The Truth About Anything: The Pain of Not Being Who We Were Made to Be

As I sat in the car during a winter road trip to a small winery in western Illinois for the Artist In Residence program, I peered to my right and gazed at the faraway orange-red sun setting behind the snow-covered country hills. Farms, barns, houses and haystacks all seemed so little, so far away in the distance. I, in comparison, seemed so little, so far away, a small speck in the sand of time.

I wrote over a dozen poems in one sitting when a wave of melancholy washed over me. I felt sad. Haunted. Not necessarily sad because of my life. I had created the opportunity to work as an independent writer and artist by first quitting my corporate day job which brought no happiness and meaning. I was free, as free as one can be.

… No.

Sadness was felt within my heart as I thought about the countless souls in the world, many which have felt so down, so depressed, so utterly and completely hopeless. Whether or not it was due to traumatic childhood experiences, a yo-yo weight and self-image problem, a heartbreaking divorce, a job you absolutely hate, not having a family because everyone is dying all around you, a debilitating disease that will shorten your years in this world dramatically, and so much more, the pain is ever present. Ever lingering. It is there and it will not go away.

Can you hear me?

I don’t know if you actually care about all this. I don’t even know if you will read this.

But you, my friend, are not alone.

There is hope. There is a way to ease your pain, to slowly erase it completely, until all that’s left were the scars that made your heart stronger — that made you stronger.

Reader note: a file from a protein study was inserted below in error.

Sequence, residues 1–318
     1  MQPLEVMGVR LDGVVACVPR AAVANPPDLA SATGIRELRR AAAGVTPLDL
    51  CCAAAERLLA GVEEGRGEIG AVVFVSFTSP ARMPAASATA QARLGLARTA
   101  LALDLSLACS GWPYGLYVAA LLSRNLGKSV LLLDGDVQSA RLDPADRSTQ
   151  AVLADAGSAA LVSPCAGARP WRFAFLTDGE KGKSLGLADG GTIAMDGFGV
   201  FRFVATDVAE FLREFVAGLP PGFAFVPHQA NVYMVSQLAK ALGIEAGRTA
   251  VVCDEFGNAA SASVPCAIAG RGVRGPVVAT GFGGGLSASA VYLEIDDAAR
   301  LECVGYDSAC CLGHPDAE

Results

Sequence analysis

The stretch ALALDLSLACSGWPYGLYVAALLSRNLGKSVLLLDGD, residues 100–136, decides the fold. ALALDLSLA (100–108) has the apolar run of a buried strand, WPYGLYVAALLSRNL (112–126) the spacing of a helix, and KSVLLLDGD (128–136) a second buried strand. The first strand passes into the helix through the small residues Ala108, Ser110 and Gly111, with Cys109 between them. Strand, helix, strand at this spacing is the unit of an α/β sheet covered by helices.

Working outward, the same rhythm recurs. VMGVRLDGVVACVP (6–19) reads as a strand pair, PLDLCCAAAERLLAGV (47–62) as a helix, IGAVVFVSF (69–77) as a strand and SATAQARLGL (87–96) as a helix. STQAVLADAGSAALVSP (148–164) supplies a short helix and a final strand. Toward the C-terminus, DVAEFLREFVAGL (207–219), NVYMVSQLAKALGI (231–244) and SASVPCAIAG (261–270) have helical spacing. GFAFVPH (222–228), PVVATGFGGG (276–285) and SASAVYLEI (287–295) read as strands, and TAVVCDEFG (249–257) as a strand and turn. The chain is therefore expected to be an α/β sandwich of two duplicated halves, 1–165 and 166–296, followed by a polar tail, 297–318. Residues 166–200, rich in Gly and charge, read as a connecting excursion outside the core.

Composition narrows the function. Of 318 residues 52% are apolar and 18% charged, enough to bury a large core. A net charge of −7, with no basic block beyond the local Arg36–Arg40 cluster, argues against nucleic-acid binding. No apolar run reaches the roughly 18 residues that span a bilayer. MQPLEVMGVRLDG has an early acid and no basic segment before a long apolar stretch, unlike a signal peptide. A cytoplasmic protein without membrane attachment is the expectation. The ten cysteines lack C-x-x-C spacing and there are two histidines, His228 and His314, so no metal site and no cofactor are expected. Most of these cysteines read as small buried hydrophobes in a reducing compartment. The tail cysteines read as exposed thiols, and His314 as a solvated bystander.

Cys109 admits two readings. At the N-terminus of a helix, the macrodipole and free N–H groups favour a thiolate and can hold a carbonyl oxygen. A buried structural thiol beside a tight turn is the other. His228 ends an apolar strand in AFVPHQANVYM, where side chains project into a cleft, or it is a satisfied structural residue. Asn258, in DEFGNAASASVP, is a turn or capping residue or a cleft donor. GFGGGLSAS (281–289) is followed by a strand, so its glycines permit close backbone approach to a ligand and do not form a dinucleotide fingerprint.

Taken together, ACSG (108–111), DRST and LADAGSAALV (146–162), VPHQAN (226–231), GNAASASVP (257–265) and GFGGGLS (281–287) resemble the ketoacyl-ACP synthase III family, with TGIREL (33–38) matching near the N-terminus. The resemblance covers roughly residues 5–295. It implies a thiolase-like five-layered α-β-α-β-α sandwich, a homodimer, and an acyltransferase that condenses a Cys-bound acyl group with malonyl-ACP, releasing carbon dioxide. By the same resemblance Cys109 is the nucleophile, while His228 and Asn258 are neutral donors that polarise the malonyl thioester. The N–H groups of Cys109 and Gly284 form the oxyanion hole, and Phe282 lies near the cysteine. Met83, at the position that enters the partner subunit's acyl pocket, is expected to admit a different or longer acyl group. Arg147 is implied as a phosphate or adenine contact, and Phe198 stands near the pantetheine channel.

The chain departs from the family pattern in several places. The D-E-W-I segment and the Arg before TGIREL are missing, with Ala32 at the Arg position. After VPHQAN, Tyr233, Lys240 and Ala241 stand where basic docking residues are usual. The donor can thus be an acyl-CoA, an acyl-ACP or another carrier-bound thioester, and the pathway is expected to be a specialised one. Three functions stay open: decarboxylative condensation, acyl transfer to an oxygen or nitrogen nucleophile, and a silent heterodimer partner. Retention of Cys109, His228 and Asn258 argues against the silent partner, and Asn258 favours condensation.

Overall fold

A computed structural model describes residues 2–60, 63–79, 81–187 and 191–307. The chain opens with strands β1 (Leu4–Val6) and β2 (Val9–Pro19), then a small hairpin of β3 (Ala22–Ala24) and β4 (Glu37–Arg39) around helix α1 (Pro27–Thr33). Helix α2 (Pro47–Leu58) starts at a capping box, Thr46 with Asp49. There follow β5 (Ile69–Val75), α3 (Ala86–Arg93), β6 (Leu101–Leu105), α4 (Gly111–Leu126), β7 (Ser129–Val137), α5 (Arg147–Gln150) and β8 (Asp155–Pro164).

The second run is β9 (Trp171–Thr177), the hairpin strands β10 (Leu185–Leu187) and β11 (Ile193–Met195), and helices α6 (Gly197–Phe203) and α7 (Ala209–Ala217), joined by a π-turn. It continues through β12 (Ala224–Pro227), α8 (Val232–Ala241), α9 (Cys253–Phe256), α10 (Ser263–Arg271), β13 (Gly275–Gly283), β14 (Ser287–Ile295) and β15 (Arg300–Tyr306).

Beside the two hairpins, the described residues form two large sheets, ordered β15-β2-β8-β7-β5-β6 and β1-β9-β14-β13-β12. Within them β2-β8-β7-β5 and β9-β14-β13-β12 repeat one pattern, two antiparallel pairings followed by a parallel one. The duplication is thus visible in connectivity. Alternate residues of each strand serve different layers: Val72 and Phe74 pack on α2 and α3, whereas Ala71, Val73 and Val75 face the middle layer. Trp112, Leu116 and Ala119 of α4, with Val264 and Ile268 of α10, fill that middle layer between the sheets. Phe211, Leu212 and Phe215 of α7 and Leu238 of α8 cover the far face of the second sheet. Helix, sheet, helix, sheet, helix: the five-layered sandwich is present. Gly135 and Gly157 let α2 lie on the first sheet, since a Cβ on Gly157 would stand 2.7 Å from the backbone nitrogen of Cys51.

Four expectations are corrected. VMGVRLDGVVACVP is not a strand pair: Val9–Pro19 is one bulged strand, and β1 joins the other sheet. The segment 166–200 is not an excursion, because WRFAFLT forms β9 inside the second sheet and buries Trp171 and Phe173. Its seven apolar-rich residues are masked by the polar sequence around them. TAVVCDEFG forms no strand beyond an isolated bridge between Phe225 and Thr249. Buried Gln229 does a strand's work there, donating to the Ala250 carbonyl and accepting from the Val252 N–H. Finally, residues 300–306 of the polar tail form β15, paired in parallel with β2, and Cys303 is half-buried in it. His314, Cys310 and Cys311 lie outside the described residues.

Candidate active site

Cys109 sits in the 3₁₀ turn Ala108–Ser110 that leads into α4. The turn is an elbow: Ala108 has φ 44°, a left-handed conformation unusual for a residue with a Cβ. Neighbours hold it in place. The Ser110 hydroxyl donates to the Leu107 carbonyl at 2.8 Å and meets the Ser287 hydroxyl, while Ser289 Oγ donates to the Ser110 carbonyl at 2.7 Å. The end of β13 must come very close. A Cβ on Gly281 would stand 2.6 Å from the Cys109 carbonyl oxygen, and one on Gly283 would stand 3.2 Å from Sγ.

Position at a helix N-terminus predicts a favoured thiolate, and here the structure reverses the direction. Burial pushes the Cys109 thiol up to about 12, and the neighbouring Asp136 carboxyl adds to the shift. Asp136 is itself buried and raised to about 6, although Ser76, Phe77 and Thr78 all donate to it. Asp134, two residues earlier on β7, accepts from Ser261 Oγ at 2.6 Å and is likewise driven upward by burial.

It is not through drugs, illicit activities or destructive behaviors I am referring to in order to ease the pain.

It is the time when you take a long, much-needed moment of the busy and hectic lives we seemingly play the part of, and we examine what is within our troubled hearts. We hear the forlorn cry of our wrangled souls and we come to it.

We take care to painstakingly wash our tender wounds. Not with the dirty rags society has thrown towards the dirt-and-slime-infused gutter, the leftovers which we feel we have to scramble desperately for.

We wash our wounds with a warm, clean towel, gently, ever so softly. We hum the soft tune of a sweet song, a song reminiscent of the bluebird’s harmonious ballads. We caress our fragile souls as it finally lets go of its tense and anxious grip it had on what has caused it so much pain: the pain of not being who we were made to be.

I wrote this poem for you.

All Along

To find our hearts
We often travel far
Lingering, flowing
Seeing, breathing
Knees tremble and fall
As our hearts break and mend
Movement deep within
Stirs, gathers
Strength that is beyond us
Our hearts were with us
All along

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